One media commentator says: “Highfield has always been very commercially driven, with a focus on giving consumers what they want. If he can do what Kangaroo is struggling to, and get past all the rights issues, MSN could become a major consumer hub.”

As well as driving sales and marketing of the consumer offerings, Highfield will be responsible for content and programming online, business development and partner relations. This includes running Windows Mobile and the Microsoft advertising platform – which offers ads on all MSN websites and .mobi sites, as well as in-game advertising on the Xbox Live network.

He faces a tough challenge here too. Microsoft is better known for its IT business than its MSN or Windows Live services. Highfield’s task is to “build a connection with consumers and grow the ad business” – in other words, transform Microsoft from a business-to-business solutions provider to an active consumer-facing online community.
The man he reports to, John Mangelaars, vice-president of Microsoft Consumer and Online for Europe, the Middle East and Africa, says: “If the last few years have been about the explosion of social networks, the next few are about simplifying the increasingly complex web.”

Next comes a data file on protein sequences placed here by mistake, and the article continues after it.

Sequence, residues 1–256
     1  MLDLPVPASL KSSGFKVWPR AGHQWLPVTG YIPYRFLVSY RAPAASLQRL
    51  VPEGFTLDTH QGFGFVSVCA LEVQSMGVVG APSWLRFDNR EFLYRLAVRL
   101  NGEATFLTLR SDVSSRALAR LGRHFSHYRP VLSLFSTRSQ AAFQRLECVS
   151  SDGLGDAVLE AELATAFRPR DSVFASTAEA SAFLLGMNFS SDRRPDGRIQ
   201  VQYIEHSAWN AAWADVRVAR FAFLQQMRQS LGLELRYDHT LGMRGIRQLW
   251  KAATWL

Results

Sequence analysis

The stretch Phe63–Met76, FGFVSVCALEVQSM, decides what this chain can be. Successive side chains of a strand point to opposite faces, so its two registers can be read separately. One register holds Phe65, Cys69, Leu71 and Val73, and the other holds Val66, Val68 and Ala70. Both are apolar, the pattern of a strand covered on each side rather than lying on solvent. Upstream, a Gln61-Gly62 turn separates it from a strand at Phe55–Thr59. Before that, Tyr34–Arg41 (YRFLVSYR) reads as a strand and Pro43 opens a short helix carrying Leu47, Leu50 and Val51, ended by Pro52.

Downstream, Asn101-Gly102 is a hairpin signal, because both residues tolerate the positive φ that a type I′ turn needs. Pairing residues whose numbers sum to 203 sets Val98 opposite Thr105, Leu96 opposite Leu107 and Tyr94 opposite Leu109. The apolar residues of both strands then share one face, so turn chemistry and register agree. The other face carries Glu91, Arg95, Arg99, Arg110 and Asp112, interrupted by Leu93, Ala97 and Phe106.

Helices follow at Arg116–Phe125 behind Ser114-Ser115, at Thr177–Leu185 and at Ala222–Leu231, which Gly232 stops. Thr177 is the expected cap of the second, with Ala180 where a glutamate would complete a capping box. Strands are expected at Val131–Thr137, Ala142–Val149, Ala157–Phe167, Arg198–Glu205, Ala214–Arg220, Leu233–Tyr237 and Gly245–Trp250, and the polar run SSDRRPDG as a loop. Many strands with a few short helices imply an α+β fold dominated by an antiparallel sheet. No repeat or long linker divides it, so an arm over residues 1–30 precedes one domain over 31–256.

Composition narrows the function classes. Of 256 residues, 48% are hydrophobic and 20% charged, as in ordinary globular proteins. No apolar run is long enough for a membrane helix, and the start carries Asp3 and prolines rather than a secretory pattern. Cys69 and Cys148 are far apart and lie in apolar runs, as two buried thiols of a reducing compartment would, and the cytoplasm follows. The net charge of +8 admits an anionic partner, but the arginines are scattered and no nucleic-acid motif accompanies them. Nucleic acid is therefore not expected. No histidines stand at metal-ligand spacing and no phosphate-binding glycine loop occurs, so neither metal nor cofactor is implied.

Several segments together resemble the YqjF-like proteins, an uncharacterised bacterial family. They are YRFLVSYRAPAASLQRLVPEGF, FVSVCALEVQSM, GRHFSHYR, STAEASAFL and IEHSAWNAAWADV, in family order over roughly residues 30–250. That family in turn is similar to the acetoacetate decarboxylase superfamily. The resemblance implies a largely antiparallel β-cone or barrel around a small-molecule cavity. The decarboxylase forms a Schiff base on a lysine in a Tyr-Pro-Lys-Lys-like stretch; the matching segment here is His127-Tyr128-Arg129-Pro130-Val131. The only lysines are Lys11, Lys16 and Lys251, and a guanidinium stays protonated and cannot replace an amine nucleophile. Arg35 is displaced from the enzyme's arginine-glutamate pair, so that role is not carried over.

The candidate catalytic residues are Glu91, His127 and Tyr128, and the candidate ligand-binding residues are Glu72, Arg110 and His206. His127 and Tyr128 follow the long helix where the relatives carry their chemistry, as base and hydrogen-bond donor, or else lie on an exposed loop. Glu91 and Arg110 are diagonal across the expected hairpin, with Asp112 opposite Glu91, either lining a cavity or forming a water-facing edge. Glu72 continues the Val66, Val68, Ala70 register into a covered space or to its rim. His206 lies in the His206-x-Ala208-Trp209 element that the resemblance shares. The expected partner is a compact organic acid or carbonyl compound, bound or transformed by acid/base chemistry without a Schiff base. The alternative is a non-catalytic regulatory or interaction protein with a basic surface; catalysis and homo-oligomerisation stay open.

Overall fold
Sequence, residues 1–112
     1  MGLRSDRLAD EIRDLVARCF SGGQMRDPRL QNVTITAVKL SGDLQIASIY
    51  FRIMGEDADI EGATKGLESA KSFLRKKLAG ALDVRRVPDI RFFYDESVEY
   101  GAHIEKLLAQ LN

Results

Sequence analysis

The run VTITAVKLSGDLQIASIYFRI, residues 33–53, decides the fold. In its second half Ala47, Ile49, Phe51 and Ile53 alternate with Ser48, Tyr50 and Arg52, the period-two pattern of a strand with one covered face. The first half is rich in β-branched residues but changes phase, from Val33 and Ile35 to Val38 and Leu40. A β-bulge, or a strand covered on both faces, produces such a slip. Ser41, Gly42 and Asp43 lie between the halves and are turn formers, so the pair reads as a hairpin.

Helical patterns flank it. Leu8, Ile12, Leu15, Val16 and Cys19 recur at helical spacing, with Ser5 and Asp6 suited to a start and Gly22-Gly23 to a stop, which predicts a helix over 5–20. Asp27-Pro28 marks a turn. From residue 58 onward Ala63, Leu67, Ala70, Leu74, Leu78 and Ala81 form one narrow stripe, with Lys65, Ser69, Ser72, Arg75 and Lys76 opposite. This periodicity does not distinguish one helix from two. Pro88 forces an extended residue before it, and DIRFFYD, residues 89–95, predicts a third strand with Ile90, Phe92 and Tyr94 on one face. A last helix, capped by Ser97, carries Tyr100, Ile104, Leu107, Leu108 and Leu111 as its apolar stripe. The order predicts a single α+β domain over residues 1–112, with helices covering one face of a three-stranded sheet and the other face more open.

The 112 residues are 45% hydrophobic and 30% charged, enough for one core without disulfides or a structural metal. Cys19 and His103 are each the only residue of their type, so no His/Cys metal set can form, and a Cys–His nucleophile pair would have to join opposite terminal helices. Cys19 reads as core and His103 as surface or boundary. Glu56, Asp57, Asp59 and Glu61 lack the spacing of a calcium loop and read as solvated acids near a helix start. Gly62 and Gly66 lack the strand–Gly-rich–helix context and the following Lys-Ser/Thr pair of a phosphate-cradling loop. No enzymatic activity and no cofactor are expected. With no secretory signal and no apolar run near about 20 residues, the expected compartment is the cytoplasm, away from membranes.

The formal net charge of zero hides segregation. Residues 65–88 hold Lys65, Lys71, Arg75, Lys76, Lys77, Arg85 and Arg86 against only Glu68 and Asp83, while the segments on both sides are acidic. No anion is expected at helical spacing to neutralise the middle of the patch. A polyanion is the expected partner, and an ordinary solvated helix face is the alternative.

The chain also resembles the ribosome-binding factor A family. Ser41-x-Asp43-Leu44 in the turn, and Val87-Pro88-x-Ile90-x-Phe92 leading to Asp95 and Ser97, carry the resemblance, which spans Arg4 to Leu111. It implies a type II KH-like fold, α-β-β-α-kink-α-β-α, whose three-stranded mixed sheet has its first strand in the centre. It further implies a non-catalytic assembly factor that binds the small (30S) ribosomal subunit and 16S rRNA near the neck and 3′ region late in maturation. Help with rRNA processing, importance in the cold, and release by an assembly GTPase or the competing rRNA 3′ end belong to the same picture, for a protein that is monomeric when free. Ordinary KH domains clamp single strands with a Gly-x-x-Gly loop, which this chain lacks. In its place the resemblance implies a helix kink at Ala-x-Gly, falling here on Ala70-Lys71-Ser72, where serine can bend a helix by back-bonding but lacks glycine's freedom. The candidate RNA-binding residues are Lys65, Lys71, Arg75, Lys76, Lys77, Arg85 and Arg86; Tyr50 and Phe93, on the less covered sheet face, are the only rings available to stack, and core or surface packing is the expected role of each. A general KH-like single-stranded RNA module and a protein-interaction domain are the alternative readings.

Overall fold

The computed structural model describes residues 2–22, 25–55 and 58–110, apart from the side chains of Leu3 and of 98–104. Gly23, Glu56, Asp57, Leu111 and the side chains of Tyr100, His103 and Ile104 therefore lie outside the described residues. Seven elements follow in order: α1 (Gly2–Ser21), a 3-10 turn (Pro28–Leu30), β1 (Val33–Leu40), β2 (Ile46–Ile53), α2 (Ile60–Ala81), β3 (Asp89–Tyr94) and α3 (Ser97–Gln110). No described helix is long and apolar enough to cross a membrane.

Friends and allies of Highfield say simplification is what he does best, and he should be able to breathe new life into the MSN portal. But, while his technology experience is unquestioned, Microsoft’s need for an increase in online ad sales will be a tall order for Highfield to achieve alone. Imran Khan, a technology analyst at JP Morgan, says he has a huge task on his hands.

“Microsoft has already had to cut its outlook for MSN, based on a deteriorating environment for display advertising. In the last financial year, its ad growth was only 29%, compared to Google’s 42%, and most of this was for business-to-business, rather than consumers,” Khan explains.

This pressure has intensified, following Microsoft Europe’s acquisition of the Ciao! shopping network earlier this year, which the company plans to integrate within the Live Search platform, in an effort to rival Google’s Checkout service.

The company has also pledged to bring its Microsoft Live Search cashback system to the UK, which allows shoppers to earn cashback on selected purchases made from an initial search using Live Search.

Sources say pressure is no obstacle for Highfield, pointing to the continuing investigations into Project Kangaroo and the long delays to the launch of BBC iPlayer as examples of this.

Before it was unveiled on Christmas Day last year, the iPlayer had been delayed for over four years due to technical problems. Sources say that Highfield paid Microsoft many millions to ensure the service was ready for the festive season.

As Highfield seeks to make MSN and Windows Live the place to be seen for brands, all industry eyes will be on him, waiting for the next installment in this gripping online drama.